What Organisations Can Do
Retention is not always easy
Talent management and employee retention is critical to the success of an organisation. Without a focus and an understanding of people, behaviours, and what engagement and rewards strategies work best for your culture, attracting the right talent and reducing turnover can be even more difficult.
It's not always easy to help, so here is an Employee Engagement and Retention Checklist with a high level overview of steps to take toward success with some employee retention strategies.
People decide to switch jobs for a wide variety of reasons. Attracting new blood to your workforce is a good thing, but a constant turnover is detrimental to performance, morale, and the overall sustainability.
Some reasons for turnover are related to personal and life changes and completely unrelated to the job itself, so a business can't expect to impact or change all departures, although with workers switching jobs roughly every 4.4 years, businesses do need to be focused on the aspects of talent management and employee retention they can influence.
Strategies for attracting and retaining talent
So, what are some of the best practices for attracting talent and reducing turnover?
- Provide career navigation and personal branding strategies from the start. Involve employees in the talent management and recruitment process as much as possible. Ask questions to find out what attracted them to your organisation to begin with, what motivates them, and what keeps them engaged. Employee development is also key; it's important to provide coaching, educational opportunities, and training programmes for your workforce. By letting potential hires and employees alike know your organisation will help them plan their desired path, set concrete goals, and provide support to help them achieve those goals, you will help attract talent and increase engagement and retention.
- Hiring the right Managers makes all the difference. Managers are often involved in the interview process. They are one of the first interactions a potential new hire has with the organisation. It is well documented that individuals leave their bosses, not their organisations. So it's critical to work closely to make sure there's a consistent open line of communication between potential new hires and those who would be their managers, and that Managers are working collaboratively and positively with their employees to reduce turnover.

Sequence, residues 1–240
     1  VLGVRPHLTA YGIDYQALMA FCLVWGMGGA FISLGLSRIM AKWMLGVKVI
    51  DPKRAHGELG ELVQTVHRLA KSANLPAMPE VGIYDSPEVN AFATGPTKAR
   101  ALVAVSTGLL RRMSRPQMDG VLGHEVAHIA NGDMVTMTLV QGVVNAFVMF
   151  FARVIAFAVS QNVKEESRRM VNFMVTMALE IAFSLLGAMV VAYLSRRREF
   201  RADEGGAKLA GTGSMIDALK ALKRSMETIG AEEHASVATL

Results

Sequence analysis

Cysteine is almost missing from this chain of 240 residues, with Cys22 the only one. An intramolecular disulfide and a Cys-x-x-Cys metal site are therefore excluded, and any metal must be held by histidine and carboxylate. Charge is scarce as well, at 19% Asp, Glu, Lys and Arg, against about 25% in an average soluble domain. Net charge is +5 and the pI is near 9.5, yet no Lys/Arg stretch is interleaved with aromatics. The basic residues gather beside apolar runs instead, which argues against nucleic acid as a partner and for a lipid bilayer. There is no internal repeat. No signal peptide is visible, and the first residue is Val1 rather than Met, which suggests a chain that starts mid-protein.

- Work to create a culture of trust. An organisation with a culture of trust gets good PR — and good PR goes a long way toward increasing employee referrals and reducing talent acquisition costs. Organisations with higher levels of trust and transparency often have higher levels of performance and retention also reducing turnover and talent acquisition costs. An organisation with a culture of distrust is an organisation destined to be doomed. To attract good talent and maintain positive employee retention make sure your organisation has a culture of trust, not distrust.
- Recognise good performance. Be it financially or with some other non-monetary benefits, make sure employees are recognised when they achieve their goals and perform above and beyond. No one wants to work for an organisation where they go ignored. Potential new hires can pick up this. Pulse your workforce for their preferred means of recognition and then implement various strategies based on that feedback. With workforce demographics, changing a one size fits all approach no longer works. It's important to pay attention to what motivates different employees. Not all employees prefer to be recognised for a job well done in the same ways. If unsure of the best ways to engage and retain employees – ASK THEM. Make communicating these policies to potential new hires part of your talent management process.
- Hire the right kind of employees who are both a skills and culture fit. When trying to attract new talent a focus on both aspects is important to success. Sure, some people are "shooting stars", and you'd be lucky to catch them, but if they're not a fit for the culture of your organisation then you're not likely to see maximum performance or retention from the new hire. By understanding your culture and interviewing and choosing the right hires in the first place, you're getting a leg up on setting up a relationship that can last.
Author: Scott Span